In 1769, I became a member of the legislature by the choice of the county in which I live, and so continued until it was closed by the Revolution. I made one effort in that body for the permission of the emancipation of slaves, which was rejected: and indeed, during the regal government, nothing liberal could expect success. Our minds were circumscribed within narrow limits, by an habitual belief that it was our duty to be subordinate to the mother country in all matters of government, to direct all our labors in subservience to her interests, and even to observe a bigoted intolerance for all religions but hers. The difficulties with our representatives were of habit and despair, not of reflection and conviction. Experience soon proved that they could bring their minds to rights, on the first summons of their attention. But the King's Council, which acted as another house of legislature, held their places at will, and were in most humble obedience to that will: the Governor too, who had a negative on our laws, held by the same tenure, and with still greater devotedness to it: and, last of all, the Royal negative closed the last door to every hope of melioration.
On the 1st of January, 1772, I was married to Martha Skelton, widow of Bathurst Skelton, and daughter of John Wayles, then twenty-three years old. Mr. Wayles was a lawyer of much practice, to which he was introduced more by his great industry, punctuality and practical readiness, than by eminence in the science of his profession. He was a most agreeable companion, full of pleasantry and good humor, and welcomed in every society. He acquired a handsome fortune, and died in May, 1773, leaving three daughters: the portion which came on that event to Mrs. Jefferson, after the debts should be paid, which were very considerable, was about equal to my own patrimony, and consequently doubled the ease of our circumstances.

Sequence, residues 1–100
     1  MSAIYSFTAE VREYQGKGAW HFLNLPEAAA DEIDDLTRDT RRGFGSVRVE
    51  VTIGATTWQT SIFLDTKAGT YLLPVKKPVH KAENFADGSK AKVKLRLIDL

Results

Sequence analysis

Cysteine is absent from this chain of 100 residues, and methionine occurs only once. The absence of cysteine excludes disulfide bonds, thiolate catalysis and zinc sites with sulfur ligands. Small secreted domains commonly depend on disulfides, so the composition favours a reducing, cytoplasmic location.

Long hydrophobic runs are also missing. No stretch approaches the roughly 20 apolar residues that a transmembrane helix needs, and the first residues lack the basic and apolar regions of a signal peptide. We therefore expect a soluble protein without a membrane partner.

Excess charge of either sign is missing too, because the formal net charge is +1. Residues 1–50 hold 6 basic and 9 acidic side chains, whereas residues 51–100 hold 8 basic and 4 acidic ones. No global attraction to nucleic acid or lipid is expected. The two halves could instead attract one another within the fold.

When the famous Resolutions of 1765, against the Stamp-act, were proposed, I was yet a student of law in Williamsburg. I attended the debate, however, at the door of the lobby of the House of Burgesses, and heard the splendid display of Mr. Henry's talents as a popular orator. They were great indeed; such as I have never heard from any other man. He appeared to me, to speak as Homer wrote. Mr. Johnson, a lawyer, and member from the Northern Neck, seconded the resolutions, and by him the learning and logic of the case were chiefly maintained. My recollections of these transactions may be seen page 60 of the "Life of Patrick Henry," by Wirt, to whom I furnished them.
In May, 1769, a meeting of the General Assembly was called by the Governor, Lord Botetourt. I had then become a member; and to that meeting became known the joint resolutions and address of the Lords and Commons of 1768-9, on the proceedings in Massachusetts. Counter-resolutions, and an address to the King by the House of Burgesses, were agreed to with little opposition, and a spirit manifestly displayed itself of considering the cause of Massachusetts as a common one. The Governor dissolved us: but we met the next day in the Apollo* of the Raleigh tavern, formed ourselves into a voluntary convention, drew up articles of association against the use of any merchandise imported from Great Britain, signed and recommended them to the people, repaired to our several counties, and were re-elected without any other exception than of the very few who had declined assent to our proceedings.
* The name of a public room in the Raleigh.